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The Andrews Labor Government is refurbishing Melbourne’s fleet of iconic trams to improve reliability and the passenger experience with the first completed tram rolling out of the new East Preston Depot this week.
Acting Premier James Merlino said the improvements to around 450 trams will increase reliability and create jobs, including for former automotive industry workers.
More than 100 jobs will be created to help deliver the five-year refurbishment program, which includes an overhaul of mechanical components to ensure reliability and structural repairs to remove and protect against corrosion.
Up to 14 trams at a time will undergo refurbishment, and trams will also receive a deep clean of the interior and other upgrades including repainting and in some model’s glass or window film replacement.
The refurbishments are being undertaken at the East Preston Depot, which was recently upgraded following Labor Government investment.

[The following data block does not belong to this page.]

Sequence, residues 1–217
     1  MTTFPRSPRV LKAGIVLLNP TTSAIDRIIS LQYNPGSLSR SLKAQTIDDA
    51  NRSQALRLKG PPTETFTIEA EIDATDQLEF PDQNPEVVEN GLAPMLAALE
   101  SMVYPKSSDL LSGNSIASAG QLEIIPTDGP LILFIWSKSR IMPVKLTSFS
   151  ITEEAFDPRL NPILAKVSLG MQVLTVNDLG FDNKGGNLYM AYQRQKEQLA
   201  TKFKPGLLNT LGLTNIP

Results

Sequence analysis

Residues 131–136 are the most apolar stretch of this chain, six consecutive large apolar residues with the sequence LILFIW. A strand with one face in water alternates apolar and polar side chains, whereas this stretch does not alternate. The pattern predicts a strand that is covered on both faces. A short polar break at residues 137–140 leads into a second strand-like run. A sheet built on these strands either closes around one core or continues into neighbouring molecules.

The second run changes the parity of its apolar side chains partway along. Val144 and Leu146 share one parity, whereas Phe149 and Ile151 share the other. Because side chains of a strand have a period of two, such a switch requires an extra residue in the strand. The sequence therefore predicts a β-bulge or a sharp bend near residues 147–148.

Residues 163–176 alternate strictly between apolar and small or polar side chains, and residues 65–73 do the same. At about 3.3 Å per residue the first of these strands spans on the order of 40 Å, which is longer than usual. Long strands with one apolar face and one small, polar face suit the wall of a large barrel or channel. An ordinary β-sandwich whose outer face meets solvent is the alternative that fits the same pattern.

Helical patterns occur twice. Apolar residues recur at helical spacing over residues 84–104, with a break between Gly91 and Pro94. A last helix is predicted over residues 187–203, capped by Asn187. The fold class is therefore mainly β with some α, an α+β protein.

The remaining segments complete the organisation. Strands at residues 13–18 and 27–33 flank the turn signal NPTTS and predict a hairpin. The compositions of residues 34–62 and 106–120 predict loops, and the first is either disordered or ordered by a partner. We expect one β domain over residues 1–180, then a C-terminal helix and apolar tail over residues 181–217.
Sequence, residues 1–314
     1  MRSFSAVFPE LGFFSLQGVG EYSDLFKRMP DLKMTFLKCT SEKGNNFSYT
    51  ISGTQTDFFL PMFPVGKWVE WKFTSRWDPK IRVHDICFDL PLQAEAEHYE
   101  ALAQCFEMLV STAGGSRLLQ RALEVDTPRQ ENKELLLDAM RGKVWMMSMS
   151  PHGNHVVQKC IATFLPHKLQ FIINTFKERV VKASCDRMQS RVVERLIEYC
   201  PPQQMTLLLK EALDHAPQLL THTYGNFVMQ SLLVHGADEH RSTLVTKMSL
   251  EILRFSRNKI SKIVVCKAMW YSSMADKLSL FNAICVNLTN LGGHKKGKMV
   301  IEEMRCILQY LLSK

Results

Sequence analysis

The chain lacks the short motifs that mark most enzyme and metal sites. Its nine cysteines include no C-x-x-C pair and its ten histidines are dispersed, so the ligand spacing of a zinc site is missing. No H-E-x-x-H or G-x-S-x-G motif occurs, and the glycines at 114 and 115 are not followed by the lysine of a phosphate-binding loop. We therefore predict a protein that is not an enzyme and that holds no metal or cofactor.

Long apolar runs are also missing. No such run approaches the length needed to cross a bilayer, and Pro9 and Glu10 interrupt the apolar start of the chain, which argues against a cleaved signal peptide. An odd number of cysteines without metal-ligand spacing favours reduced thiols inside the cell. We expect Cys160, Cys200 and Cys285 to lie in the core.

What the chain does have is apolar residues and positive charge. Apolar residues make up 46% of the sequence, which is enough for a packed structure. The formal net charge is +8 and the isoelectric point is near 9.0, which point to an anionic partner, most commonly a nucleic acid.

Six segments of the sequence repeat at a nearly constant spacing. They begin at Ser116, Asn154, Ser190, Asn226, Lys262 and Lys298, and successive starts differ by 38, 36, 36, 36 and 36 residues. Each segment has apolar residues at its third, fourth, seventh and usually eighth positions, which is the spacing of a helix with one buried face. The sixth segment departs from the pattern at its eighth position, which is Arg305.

The tram upgrades will be spread over the next five years to minimise disruptions to timetabled services, with up to 14 trams at a time undergoing refurbishment.
The $230 million Tram Refurbishment Project is part of the new franchise agreement between the Government and Keolis Downer aimed at giving passengers better value for money, more services, and greater reliability.
The new tram contract sees a $30 million increase in annual spending on track and infrastructure maintenance to improve reliability, and tougher penalties for the operator not meeting targets.
The project has 65 per cent local content for materials and services, as part of the Victorian Industry Participation Policy.
Melbourne has the world’s largest tram network, running more than 5,000 services a day and transporting more than 200 million passengers annually.
Quotes attributable to Acting Premier James Merlino
“We’re supporting local jobs by improving Melbourne’s trams to give passengers a more comfortable and reliable service.”
“These refurbished trams are part of our record investment in Victoria’s transport system to get people where they need to go, sooner.”
“Our tougher new contracts are aimed at giving passengers better value for money, better services, bigger penalties and more investment in maintenance.”
This article first appeared on www.premier.vic.gov.au
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